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« Reply #68 on: June 23, 2009, 01:32:23 pm »

rather ornamental than heraldic, were possibly intended to denote his claim to the crown of France, being the supporters of the Royal arms of that kingdom. Upon his Great Seal other supporters are used. There are also instances of the shield of Henry VI. being supported by angels, but they are by some 
authorities considered as purely religious symbols rather than heraldic.

The supporters of the King of France were two angels standing on clouds, all proper, vested with taberts of the arms, the dexter France, the sinister Navarre, each holding a banner of the same arms affixed to a tilting-spear, and the cri de guerre or motto, "Mont-joye et St. Denis." The shield bears the impaled arms of France and Navarre with several orders of knighthood, helmet, mantling and other accessories, all with a pavilion mantle.

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« Reply #69 on: June 23, 2009, 01:32:38 pm »

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« Reply #70 on: June 23, 2009, 01:32:51 pm »

Although Francis II., Charles IX., Henry III. and IV. and Louis XIII. had special supporters of their arms, yet they did not exclude the two angels of Charles VI., which were considered as the ordinary supporters of the kingdom of France. Louis XIV., Louis XV. and Louis XVI . never used any others.

p. 43

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« Reply #71 on: June 23, 2009, 01:33:10 pm »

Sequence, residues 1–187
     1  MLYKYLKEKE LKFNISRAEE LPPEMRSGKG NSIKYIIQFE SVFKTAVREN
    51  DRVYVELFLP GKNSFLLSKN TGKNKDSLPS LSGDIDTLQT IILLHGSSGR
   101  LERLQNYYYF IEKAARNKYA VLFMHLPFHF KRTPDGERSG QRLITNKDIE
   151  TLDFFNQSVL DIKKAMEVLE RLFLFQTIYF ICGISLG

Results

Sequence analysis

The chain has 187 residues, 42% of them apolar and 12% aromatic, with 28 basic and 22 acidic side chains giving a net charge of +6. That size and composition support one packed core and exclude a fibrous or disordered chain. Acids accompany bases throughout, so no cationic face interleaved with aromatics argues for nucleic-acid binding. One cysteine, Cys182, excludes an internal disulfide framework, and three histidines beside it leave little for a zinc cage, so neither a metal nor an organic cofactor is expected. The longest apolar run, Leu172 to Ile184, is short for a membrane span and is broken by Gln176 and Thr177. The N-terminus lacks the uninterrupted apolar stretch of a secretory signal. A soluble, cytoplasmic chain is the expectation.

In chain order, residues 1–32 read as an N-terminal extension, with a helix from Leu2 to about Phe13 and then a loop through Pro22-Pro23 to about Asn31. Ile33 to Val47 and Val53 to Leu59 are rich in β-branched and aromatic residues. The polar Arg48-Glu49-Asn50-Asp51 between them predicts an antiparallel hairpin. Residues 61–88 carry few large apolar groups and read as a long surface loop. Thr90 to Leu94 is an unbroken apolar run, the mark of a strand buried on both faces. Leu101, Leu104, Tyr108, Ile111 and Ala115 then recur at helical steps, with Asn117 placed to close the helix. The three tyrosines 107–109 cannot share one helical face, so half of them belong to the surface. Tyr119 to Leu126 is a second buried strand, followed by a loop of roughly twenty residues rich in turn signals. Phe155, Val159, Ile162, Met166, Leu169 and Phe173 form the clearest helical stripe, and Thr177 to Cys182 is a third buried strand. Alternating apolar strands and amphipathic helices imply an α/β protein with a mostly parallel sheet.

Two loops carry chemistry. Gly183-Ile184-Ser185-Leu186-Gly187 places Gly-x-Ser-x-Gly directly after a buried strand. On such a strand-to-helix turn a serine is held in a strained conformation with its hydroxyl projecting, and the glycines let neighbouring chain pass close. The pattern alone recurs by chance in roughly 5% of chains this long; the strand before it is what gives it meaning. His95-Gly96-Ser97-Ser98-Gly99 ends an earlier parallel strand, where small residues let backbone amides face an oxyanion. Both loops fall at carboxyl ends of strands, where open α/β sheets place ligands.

Verstegan quaintly says that Egbert was "chiefly moved" to call his kingdom England "in respect of Pope Gregory changing the name of Engelisce into Angellyke," and this "may have moved our kings upon their best gold 
coins to set the image of an angel." *


". . . Shake the bags
 Of hoarding abbots; their imprisoned angels
 Set them at liberty."
  Shakespeare,
   King John, iii. 3.
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« Reply #72 on: June 23, 2009, 01:33:26 pm »

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« Reply #73 on: June 23, 2009, 01:33:38 pm »

The gold coin was named from the fact that on one side of it was a representation of the archangel in conflict with the dragon (Rev. xii. 7). The reverse had a ship. It was introduced into England by Edward IV. in 1456. Between his reign and that of Charles I. it varied in value from 6s. 8d. to 10s.



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« Reply #74 on: June 23, 2009, 01:33:56 pm »

Footnotes
43:* "Restit. of Decayed Intell. in Antiq." p. 147.